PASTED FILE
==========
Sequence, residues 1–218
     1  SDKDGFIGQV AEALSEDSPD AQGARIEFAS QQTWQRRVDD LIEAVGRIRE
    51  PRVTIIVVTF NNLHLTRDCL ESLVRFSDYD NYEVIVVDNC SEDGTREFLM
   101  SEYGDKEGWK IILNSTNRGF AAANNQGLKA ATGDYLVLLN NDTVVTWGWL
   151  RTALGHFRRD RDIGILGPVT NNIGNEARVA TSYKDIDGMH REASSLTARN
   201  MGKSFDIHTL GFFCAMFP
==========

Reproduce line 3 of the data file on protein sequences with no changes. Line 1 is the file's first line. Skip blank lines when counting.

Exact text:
    51  PRVTIIVVTF NNLHLTRDCL ESLVRFSDYD NYEVIVVDNC SEDGTREFLM